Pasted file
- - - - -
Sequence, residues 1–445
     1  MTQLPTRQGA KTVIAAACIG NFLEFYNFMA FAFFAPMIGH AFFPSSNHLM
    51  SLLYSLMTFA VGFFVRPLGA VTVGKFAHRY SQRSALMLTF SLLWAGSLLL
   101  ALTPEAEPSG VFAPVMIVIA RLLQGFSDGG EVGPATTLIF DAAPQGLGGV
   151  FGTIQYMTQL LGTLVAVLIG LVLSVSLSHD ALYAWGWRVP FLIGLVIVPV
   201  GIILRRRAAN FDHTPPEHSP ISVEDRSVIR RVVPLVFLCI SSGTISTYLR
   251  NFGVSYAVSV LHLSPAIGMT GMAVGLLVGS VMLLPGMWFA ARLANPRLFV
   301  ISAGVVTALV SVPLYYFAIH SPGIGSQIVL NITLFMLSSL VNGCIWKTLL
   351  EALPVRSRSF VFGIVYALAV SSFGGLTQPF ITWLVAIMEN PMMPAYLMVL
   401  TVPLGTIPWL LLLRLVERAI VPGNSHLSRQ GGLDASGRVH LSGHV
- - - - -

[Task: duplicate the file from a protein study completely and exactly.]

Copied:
Sequence, residues 1–445
     1  MTQLPTRQGA KTVIAAACIG NFLEFYNFMA FAFFAPMIGH AFFPSSNHLM
    51  SLLYSLMTFA VGFFVRPLGA VTVGKFAHRY SQRSALMLTF SLLWAGSLLL
   101  ALTPEAEPSG VFAPVMIVIA RLLQGFSDGG EVGPATTLIF DAAPQGLGGV
   151  FGTIQYMTQL LGTLVAVLIG LVLSVSLSHD ALYAWGWRVP FLIGLVIVPV
   201  GIILRRRAAN FDHTPPEHSP ISVEDRSVIR RVVPLVFLCI SSGTISTYLR
   251  NFGVSYAVSV LHLSPAIGMT GMAVGLLVGS VMLLPGMWFA ARLANPRLFV
   301  ISAGVVTALV SVPLYYFAIH SPGIGSQIVL NITLFMLSSL VNGCIWKTLL
   351  EALPVRSRSF VFGIVYALAV SSFGGLTQPF ITWLVAIMEN PMMPAYLMVL
   401  TVPLGTIPWL LLLRLVERAI VPGNSHLSRQ GGLDASGRVH LSGHV